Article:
The Supreme Court of India ruled on Feb. 17 that women could serve as army commanders, dismissing the government’s stance that male soldiers were not ready to accept orders from female officers as “disturbing”. The top court also asked the government to extend permanent service – which has only been applicable to men so far – to all women officers, which signals a move towards gender parity in the traditionally male bastion.
The judgment, seen as a landmark decision for the Indian military, means that all women will now be eligible for the same promotions, ranks, benefits and pensions as their male counterparts, irrespective of their years of service or whether they had retired.
Women officers first entered the non-medical positions in the Army in 1992 but they make up about 4% of the army’s more than one million personnel. Currently, women are inducted through a short service commission (SSC) that lets them work for up to 14 years. They are only allowed permanent commission in the legal and educational wings. The officers have long campaigned for a change that allowed them to serve a full tenure and achieve a higher rank, with greater salary and leadership potential. A public interest litigation (PIL) was filed in 2003, followed by other suits in 2006 and 2008, and the Delhi High Court gave a judgment in favour of women officers in 2010.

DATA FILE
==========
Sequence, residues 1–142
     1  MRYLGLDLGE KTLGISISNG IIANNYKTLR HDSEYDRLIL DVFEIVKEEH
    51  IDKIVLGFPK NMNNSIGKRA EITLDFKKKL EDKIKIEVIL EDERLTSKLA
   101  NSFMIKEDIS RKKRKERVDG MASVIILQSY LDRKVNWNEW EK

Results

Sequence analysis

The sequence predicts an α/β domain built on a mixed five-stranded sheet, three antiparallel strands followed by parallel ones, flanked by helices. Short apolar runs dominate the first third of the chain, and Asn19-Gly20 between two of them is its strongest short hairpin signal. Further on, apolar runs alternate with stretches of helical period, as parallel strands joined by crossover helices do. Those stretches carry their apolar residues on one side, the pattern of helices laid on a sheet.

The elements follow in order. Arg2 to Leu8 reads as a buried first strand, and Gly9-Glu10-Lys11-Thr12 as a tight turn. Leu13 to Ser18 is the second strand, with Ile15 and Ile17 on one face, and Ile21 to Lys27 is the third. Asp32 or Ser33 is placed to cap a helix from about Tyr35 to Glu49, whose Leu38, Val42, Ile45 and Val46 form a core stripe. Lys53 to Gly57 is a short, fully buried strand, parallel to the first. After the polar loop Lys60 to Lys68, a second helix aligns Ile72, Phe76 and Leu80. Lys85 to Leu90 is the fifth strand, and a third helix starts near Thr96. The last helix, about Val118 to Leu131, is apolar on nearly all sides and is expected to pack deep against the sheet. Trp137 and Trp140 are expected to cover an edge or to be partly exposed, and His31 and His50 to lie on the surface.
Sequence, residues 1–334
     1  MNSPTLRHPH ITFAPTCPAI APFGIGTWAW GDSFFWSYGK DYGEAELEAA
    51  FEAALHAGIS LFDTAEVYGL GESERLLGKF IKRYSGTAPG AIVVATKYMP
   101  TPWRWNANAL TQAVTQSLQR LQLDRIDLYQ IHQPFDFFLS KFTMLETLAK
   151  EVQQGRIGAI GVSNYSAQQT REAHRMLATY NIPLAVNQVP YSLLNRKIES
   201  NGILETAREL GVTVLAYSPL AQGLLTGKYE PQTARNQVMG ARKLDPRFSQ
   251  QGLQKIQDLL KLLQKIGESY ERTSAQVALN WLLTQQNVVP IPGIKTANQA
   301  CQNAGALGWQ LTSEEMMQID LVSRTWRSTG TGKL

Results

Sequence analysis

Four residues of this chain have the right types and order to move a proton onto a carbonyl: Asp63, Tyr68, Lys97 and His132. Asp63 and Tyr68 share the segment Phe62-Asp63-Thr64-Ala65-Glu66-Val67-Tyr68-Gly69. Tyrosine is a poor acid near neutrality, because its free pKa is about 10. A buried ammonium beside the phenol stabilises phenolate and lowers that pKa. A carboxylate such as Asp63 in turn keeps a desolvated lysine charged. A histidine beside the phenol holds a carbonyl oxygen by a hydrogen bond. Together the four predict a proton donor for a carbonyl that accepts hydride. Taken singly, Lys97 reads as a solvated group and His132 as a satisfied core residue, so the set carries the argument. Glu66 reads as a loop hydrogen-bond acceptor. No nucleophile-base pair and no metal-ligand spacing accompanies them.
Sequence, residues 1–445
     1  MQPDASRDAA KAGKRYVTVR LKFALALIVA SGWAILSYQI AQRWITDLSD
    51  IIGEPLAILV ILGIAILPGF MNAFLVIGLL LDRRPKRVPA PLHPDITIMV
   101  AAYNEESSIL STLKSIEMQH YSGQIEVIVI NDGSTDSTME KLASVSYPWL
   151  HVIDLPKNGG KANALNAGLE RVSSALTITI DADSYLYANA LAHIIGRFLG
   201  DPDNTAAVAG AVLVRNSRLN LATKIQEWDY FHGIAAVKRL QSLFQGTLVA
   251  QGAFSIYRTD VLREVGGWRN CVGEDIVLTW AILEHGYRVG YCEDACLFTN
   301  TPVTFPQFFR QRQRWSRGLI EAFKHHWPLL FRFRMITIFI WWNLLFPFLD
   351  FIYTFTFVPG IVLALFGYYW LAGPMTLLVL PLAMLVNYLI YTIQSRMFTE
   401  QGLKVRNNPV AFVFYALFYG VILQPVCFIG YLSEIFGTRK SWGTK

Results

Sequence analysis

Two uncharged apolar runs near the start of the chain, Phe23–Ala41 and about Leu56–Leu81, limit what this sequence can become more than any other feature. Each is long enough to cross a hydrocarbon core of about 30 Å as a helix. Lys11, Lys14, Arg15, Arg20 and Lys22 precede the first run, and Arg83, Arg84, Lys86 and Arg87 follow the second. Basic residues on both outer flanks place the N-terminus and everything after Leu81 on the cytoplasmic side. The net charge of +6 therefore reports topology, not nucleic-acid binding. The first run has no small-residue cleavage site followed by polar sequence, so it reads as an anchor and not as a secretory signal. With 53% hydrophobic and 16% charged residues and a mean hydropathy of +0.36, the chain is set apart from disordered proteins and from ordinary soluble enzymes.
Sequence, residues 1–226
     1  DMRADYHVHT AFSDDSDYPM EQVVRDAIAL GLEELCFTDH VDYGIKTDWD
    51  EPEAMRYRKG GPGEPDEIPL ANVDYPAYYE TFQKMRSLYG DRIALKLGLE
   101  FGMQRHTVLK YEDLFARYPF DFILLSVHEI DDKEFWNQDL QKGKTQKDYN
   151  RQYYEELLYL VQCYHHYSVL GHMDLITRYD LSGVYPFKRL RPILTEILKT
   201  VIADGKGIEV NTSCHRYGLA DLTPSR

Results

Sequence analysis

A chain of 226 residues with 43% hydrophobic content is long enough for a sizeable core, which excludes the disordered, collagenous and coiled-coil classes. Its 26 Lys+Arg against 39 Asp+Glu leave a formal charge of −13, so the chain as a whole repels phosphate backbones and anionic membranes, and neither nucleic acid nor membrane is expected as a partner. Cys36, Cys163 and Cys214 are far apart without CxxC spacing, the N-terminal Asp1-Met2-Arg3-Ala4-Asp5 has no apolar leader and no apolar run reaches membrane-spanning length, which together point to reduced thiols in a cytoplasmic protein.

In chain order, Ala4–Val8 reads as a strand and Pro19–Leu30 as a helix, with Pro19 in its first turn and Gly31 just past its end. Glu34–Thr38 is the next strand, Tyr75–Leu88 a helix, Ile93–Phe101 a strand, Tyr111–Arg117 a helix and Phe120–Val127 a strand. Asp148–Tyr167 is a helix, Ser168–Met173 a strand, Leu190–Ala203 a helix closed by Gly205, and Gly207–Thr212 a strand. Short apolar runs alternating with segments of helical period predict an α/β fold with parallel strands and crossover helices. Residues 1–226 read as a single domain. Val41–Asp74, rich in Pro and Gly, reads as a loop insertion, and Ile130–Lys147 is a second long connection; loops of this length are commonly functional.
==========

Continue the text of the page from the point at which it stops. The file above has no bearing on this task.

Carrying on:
In its ruling, the Delhi HC said: “A PC (Permanent Commission) carries with it certain privileges of rank, including pension. These women officers have served well the armed forces of the country in the areas of operation they were recruited for and have worked in this capacity for 14 to 15 years. They deserved better from the respondents.”
“In matters of gender discrimination a greater sensitivity is expected and required,” it added.
The Indian government went to the Supreme Court against this judgment and made all attempts to delay its implementation – so much so that even though the SC did not stay the HC judgment, the government did not implement it. The SC noted this fact in its ruling on Feb. 17.